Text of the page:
Help them find something that works for them. Whether it’s sports, dance, walking, yoga, skating – it’s important that children understand that physical activity can improve mood and sleep, can be something you do socially with friends or alone, and can be fun!
4. Healthy Relationships with Food
There are many dietitians and nutritionists who discuss this topic specifically on social media because so many of us grew up with disordered relationships with food. Erica MS, RDN, who goes by @listennutrition on TikTok is one of those dietitians. She states “One way we can help kids develop a positive relationship with food is to teach them there are no ‘bad’ foods. Instead, we can teach them that foods contain different nutrients and make us feel differently when we eat them.”
Erica continues, “When kids think of food in moralistic terms like ‘good’ and ‘bad,’ it can trigger guilt and disordered eating behaviors. We can spread the message that all foods provide our bodies with energy and it’s okay to incorporate fun foods and nutrient-dense foods in a healthy lifestyle – it doesn’t have to be all or nothing.”
Whether you grew up in a “clean your plate” household or lived with an “almond mom,” a lot of our eating habits as adults were formed as children. To combat this cycle, like Erica mentioned, it’s a good idea to discuss the importance of eating nutrients needed to sustain energy, but also emphasize that it’s ok to stop eating when you’re full. Plates don’t need to be clean if half of your plate fills you up.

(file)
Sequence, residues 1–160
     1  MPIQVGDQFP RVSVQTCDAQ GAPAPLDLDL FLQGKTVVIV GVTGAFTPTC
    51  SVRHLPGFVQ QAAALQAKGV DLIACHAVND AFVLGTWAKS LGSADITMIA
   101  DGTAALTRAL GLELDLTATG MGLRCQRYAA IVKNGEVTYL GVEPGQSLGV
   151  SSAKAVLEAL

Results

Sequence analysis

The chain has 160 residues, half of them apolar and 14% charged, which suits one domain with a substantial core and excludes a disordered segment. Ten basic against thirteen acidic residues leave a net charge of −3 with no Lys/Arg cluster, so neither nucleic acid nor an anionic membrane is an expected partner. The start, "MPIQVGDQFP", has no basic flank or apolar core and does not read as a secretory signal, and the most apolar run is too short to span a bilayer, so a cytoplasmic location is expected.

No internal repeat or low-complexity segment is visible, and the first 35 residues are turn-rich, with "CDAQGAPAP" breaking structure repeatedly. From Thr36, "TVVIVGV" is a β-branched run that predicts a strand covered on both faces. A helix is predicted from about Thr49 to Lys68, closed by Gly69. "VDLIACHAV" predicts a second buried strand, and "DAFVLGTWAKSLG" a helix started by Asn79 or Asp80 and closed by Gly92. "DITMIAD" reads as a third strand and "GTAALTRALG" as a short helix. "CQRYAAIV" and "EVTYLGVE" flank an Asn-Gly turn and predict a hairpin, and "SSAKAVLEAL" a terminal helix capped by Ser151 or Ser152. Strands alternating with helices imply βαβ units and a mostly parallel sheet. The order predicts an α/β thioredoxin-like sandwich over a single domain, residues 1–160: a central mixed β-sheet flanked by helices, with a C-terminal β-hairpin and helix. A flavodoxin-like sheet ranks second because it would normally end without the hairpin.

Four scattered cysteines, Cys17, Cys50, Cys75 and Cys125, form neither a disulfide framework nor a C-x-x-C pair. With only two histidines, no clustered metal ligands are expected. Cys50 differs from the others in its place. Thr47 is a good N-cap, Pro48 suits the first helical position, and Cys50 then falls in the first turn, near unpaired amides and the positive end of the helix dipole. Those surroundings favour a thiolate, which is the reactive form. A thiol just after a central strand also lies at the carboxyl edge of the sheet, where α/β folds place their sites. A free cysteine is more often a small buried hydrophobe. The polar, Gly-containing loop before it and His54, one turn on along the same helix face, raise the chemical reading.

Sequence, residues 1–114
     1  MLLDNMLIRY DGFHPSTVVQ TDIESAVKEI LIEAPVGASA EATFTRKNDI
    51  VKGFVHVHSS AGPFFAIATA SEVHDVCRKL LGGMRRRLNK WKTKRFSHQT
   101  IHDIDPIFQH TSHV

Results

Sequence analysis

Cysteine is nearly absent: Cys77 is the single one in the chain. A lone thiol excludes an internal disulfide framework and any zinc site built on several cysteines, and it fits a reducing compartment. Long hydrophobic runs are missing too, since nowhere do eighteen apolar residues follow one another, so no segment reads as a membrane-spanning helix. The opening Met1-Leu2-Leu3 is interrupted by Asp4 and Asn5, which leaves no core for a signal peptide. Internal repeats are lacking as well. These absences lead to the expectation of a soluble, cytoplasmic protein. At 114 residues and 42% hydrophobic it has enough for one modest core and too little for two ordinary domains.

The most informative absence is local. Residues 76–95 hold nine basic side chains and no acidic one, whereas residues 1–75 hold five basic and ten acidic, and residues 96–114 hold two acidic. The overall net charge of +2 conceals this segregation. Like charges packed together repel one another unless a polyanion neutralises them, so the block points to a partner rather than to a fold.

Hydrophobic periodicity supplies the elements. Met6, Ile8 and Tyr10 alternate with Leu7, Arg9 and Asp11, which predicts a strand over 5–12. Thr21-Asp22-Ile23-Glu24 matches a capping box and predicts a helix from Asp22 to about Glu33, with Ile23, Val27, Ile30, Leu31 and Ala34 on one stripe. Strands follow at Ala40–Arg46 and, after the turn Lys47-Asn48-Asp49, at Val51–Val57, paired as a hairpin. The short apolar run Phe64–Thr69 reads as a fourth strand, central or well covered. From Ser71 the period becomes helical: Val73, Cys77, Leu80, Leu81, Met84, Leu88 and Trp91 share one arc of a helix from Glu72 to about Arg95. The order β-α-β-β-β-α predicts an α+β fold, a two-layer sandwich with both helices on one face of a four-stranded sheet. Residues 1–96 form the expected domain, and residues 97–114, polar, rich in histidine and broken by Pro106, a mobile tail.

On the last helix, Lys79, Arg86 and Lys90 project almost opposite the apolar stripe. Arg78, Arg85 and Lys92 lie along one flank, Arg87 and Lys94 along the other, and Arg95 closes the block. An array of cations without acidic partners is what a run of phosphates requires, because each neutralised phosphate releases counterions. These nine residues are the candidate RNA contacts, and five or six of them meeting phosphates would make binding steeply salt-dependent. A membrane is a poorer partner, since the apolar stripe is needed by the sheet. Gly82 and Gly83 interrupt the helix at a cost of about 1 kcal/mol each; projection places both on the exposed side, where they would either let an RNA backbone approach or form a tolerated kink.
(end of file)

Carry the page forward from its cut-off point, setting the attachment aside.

Another tip many dietitians and nutritionists recommend is having dessert already on the dinner plate. This helps children look at different types of food equally. If sweets are something that is withheld, that could make for an adulthood where that’s all they want to eat since they are now in control.
5. Limit Body-Focused Comments
Part of growing up is learning about yourself and unfortunately, some of that learning comes from outside sources and it is not always body positive. Try to focus praise on internal attributes.
“You’re so smart!”
“You’re so kind!”
“You have a great sense of humor!”
Self-esteem is very important during the formative years and emphasizing those internal attributes or talents that a child has will go a long way to build them up.
6. Correct Misinformation
Our children have so much interaction with others outside of their family. Whether it’s teachers, their friends, teammates – they will inevitable absorb information that’s completely contrary to the Health at Every Size model.
If they come home saying things that differ from what you have taught them in the past, gently redirect them. For example, explain that healthy habits are important and you can’t tell someone’s health from their weight.
The best thing you can do for child is express how much you love and accept them unconditionally. Helping them feel confident in themselves can be a long-lasting lesson on positive body image and even how they view others.